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    I wonder how the store owner drives his car and what kind of car he has, coz the Precedas you have to really spin it very very hard to get some noise out, so don't even bother to try get some noise on the street....the Precedas are the most quiet tyres I've used so far.

    You have to be careful in this kind of situation - salesman talk.
    a) the guy might not sell the product so he'll try to talk you down and get something else from his store.
    b) hisprofit margin isn't as good as selling other stuff he pushes
    c) some shops are commissioned to sell certain brands

    As for the wet grip, you have to be really careful coz there's no sign of when the grip will let go on them. They do have a rim guard.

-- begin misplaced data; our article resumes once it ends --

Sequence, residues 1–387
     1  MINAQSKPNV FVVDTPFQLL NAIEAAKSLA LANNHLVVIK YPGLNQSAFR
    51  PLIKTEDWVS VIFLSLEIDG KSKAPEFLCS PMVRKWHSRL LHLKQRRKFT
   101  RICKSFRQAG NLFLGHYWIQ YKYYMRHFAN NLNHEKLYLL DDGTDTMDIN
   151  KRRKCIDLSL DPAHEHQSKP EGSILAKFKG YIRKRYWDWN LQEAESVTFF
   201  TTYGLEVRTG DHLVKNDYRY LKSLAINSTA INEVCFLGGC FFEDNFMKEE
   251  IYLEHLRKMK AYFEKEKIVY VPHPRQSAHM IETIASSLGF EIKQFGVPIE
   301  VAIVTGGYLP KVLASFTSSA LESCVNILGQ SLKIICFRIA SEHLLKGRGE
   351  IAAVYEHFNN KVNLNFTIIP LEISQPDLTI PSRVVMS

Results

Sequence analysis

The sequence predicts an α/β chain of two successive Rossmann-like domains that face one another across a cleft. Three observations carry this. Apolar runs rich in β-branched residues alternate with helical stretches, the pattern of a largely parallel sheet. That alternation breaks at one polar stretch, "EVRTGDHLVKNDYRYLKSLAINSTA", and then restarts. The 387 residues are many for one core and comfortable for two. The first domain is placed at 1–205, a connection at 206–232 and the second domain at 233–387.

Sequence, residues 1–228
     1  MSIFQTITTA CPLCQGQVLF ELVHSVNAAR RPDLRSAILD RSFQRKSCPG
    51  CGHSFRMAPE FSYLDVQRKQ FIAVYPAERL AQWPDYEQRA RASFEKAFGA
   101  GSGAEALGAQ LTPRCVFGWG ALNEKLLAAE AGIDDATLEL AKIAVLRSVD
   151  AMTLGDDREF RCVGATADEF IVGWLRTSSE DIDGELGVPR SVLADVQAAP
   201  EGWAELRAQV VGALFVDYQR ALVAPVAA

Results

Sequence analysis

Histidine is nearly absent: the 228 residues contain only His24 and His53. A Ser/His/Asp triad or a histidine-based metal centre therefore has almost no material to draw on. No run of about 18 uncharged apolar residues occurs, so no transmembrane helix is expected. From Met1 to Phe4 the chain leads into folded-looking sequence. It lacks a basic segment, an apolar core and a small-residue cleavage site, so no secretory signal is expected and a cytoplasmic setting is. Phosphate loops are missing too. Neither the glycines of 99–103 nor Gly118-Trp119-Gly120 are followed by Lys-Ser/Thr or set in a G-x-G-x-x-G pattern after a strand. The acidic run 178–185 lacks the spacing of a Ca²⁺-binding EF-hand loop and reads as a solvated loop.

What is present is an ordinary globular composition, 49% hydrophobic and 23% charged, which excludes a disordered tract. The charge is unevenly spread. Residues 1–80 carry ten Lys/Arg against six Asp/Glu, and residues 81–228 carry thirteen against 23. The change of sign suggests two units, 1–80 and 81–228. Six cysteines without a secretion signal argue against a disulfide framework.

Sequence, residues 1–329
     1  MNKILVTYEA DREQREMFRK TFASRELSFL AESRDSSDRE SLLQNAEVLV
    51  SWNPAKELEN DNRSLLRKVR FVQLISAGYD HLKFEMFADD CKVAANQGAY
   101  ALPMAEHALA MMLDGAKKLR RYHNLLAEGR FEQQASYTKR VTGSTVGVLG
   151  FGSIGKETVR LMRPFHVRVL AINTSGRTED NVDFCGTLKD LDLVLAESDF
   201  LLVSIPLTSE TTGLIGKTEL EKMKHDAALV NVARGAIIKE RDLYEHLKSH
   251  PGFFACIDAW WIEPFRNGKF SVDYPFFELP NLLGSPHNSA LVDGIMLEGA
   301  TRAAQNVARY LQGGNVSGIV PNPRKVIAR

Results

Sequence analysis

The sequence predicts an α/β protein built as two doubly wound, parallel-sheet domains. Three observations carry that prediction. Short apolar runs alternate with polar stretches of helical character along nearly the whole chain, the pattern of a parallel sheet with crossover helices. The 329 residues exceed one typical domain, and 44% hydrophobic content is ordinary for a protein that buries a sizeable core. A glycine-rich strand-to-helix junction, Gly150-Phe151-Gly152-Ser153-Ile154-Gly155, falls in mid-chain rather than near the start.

But I'm not sure how heavy your Honda is, since wet grip is related to how much pressure you put on your tyres on the road to drive out water on the road, at 1050kg on my GTI it's not very ideal in this case. That's one of the reason you DON'T want to get wider tyres. And this is one of the problem of owning a small car but you want peformance out of it - most cars weight 1300kg+, so grip is reduced as a result

    If you like the FM901, then go for the DZ101, otherwise I think your best choice is goodyear F1 GS-D3.

    Jason
    Jason

    206 GTI MY01.5 Oversteer Edition

    Myth Buster Logic : red cars go faster !!
    Red Car Bling factor :

  8. #8
    who? when? huh? GTI124's Avatar
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    Hi Eric, welcome to